Extending the life of lithium batteries for laboratory instrumentation is crucial. Indeed, many laboratory instruments are equipped with a lithium-based battery.

Electronic pipettors, for example, are equipped with them. These batteries are part of your daily life and have many advantages, but they also require a number of precautions to be taken in use, storage and charging.

Recharge the lithium battery of your instrument on a regular basis

It is strongly recommended that you never wait until your battery is completely discharged before recharging it. This would result in a reduction in charging capacity. Tests have been carried out on smartphones by the Cadex laboratory, which have shown that recharging a 100% discharged device allows only 500 recharge cycles, whereas if the device is recharged after only 10% loss of charge, it is possible to achieve 4,700 recharge cycles. Therefore, it is preferable to recharge your lithium battery regularly in order to extend its life as much as possible.

Avoid overheating to extend life of lithium batteries in the laboratory.

It is imperative to avoid overheating of Lithium batteries as the life of these depends on temperature of use.

Therefore, we strongly advise against exposing these instruments to sunlight or obstructing the vents used to ventilate the instrument.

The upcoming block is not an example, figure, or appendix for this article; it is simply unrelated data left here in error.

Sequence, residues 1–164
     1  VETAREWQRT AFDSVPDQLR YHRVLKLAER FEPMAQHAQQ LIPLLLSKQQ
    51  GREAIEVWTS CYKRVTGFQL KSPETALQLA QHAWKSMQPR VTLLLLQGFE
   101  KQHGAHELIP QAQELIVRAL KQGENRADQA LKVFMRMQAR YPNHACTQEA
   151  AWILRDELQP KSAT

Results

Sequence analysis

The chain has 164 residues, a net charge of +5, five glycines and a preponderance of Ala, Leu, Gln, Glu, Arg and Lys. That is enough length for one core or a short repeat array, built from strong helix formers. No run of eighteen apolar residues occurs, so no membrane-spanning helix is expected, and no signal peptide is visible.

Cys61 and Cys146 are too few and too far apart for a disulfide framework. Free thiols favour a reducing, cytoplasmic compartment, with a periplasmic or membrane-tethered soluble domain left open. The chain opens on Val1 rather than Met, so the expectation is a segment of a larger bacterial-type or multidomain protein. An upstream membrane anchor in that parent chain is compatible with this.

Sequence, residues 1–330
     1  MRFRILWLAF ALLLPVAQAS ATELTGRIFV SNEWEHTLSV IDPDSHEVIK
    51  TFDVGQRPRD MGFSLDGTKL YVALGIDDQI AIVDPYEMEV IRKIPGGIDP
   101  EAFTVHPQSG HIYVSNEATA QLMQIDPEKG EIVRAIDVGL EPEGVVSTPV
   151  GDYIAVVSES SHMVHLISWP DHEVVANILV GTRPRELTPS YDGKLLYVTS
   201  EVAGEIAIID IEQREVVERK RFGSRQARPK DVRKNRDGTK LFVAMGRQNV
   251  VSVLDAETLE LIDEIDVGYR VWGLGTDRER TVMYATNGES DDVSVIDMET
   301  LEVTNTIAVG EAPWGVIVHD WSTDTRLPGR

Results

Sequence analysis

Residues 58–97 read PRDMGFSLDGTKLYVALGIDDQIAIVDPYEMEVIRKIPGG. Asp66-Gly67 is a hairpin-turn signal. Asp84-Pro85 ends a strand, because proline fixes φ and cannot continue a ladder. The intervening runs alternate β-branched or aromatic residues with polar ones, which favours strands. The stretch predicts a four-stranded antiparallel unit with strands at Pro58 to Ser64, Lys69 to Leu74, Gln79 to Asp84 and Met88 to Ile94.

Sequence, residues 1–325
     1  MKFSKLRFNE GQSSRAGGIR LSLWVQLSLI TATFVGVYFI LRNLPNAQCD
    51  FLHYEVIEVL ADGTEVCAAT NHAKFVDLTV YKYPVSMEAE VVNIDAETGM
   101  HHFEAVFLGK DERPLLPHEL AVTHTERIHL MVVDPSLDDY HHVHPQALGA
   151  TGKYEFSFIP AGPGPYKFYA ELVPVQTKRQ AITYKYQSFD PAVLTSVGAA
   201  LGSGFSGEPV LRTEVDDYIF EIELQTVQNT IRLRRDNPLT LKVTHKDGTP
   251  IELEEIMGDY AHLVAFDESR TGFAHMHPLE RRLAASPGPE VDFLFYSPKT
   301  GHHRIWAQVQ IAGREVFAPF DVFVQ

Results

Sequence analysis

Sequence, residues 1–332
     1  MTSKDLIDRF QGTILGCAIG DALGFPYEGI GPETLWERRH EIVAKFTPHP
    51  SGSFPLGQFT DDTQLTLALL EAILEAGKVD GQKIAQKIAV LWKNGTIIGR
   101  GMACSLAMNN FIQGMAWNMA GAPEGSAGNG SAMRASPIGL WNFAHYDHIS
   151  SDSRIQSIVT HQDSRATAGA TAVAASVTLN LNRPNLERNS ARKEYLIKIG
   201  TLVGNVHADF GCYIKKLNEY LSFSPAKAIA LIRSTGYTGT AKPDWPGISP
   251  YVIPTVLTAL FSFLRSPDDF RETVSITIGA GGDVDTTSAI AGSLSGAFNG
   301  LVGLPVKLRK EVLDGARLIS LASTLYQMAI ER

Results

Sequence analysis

Store your equipment carefully to preserve it and prolong the life of lithium batteries in the laboratory

Storing your equipment carefully will preserve it and prolong the life of your lithium batteries in the laboratory!

Indeed, numerous tests have shown that certain storage conditions can alter the efficiency of the battery. Inappropriate storage has the following consequences:

Approximately 2% loss per year at 40% charge and 0°C

Up to 6% loss per year at 100% load and 0°C

Up to 15% loss per year at 40% load and 40°C

An average of 35% loss per year at 100% load and 40°C

How do you store a lithium battery?

Apart from temperature and charge level, other parameters must be controlled by systematically relying on the manufacturer’s instructions and the instructions for use.

Control of mechanical risk: Lithium batteries must be protected from the risk of knocks or falls.

Controlling the electrical risk: the storage must protect the batteries against internal and external short circuits.

Controlling the risk of fire: if the batteries are not stored in a specific fireproof place, the instrument must be stored at least 2.5m from any flammable element.

Of course, defective batteries must be stored in a suitable cabinet for hazardous materials.